Officially, Northern Nights offers four stages of music an entertainment. During the afternoon most of the crowd is floating on the Eel River by the River Stage, an entire sea of inflatable rafts and and debauchery in the sun. The Main Stage activity began right after dinner and went on until 2am, located adjacent to the Redwood camping. Further up north, sat the Silent Disco stage, which went on throughout the night to allow those needing rest to get some sleep.
In the Redwoods themselves sat the Grove Stage, which housed yoga, comedy and music throughout the weekend until 2am. For the first time ever, Northern Nights saw the addition of a quasi-renegade fifth stage further up north on the banks of the Eel. Organized by The Lemon Tree, this staged was home of heavy bass and house music for the entire three days until sunset, providing an ulterior and less crowded river alternative to the aforementioned River Stage.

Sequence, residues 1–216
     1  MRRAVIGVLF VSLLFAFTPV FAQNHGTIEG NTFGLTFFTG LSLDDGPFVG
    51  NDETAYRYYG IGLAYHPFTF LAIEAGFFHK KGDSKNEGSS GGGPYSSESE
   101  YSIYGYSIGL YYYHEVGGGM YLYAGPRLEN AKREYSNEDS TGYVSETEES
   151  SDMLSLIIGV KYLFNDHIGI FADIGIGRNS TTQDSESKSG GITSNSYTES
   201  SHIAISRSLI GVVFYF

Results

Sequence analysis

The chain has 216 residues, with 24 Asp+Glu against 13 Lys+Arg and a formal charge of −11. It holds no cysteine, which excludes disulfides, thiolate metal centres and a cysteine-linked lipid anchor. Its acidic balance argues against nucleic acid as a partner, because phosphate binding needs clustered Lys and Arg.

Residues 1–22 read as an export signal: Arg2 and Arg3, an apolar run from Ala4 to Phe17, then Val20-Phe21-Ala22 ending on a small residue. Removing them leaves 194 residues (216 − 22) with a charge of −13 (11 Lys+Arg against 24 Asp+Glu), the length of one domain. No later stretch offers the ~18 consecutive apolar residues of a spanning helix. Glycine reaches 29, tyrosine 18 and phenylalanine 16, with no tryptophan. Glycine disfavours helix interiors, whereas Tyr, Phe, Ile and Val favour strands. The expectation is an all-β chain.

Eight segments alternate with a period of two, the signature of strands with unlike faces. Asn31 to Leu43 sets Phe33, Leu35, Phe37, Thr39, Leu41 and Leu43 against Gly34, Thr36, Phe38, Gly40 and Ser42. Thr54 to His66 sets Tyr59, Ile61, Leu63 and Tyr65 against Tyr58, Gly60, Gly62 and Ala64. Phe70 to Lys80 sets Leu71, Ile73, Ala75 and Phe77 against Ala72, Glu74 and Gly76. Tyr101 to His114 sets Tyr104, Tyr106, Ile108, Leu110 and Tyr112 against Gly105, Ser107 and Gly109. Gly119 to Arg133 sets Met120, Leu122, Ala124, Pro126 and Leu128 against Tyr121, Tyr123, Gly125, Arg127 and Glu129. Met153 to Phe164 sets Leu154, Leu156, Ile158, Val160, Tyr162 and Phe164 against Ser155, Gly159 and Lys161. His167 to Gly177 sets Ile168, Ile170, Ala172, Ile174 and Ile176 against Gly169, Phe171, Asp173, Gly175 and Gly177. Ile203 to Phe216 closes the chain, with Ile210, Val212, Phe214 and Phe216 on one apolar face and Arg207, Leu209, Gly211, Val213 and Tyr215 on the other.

Sound at each stage was perfect, with only some issues experienced at The Lemon Tree renegade stage. The festival organizers clearly appreciate the importance of hearing protection, having asked us to come on board as official ear plug sponsors for the second year running.
Both years, weather was typical for Northern California during summer. Hot days up to 90 degrees but cold nights as low as 45 degrees. Naturally, festival-goers came equipped with both warm and cold weather clothing to adapt to the high variance and drop in temperatures.
Crowd and Atmosphere
Electric, eclectic and friendly, it’s impossible to not make new friends at Northern Nights. We ended up camping next to the very same people we met last year, strengthening our bond while creating new ones throughout the weekend.
Overall, the crowd is respectful yet diverse. From hippies to deep house aficionados, camp and nature fanatics to bass lovers Northern Nights is a melting pot of different tastes while at the same time seeming to draw a majority of crowd that could possibly be found at other West Coast festivals/gatherings such as Burning Man, Symbiosis and Lightning In a Bottle.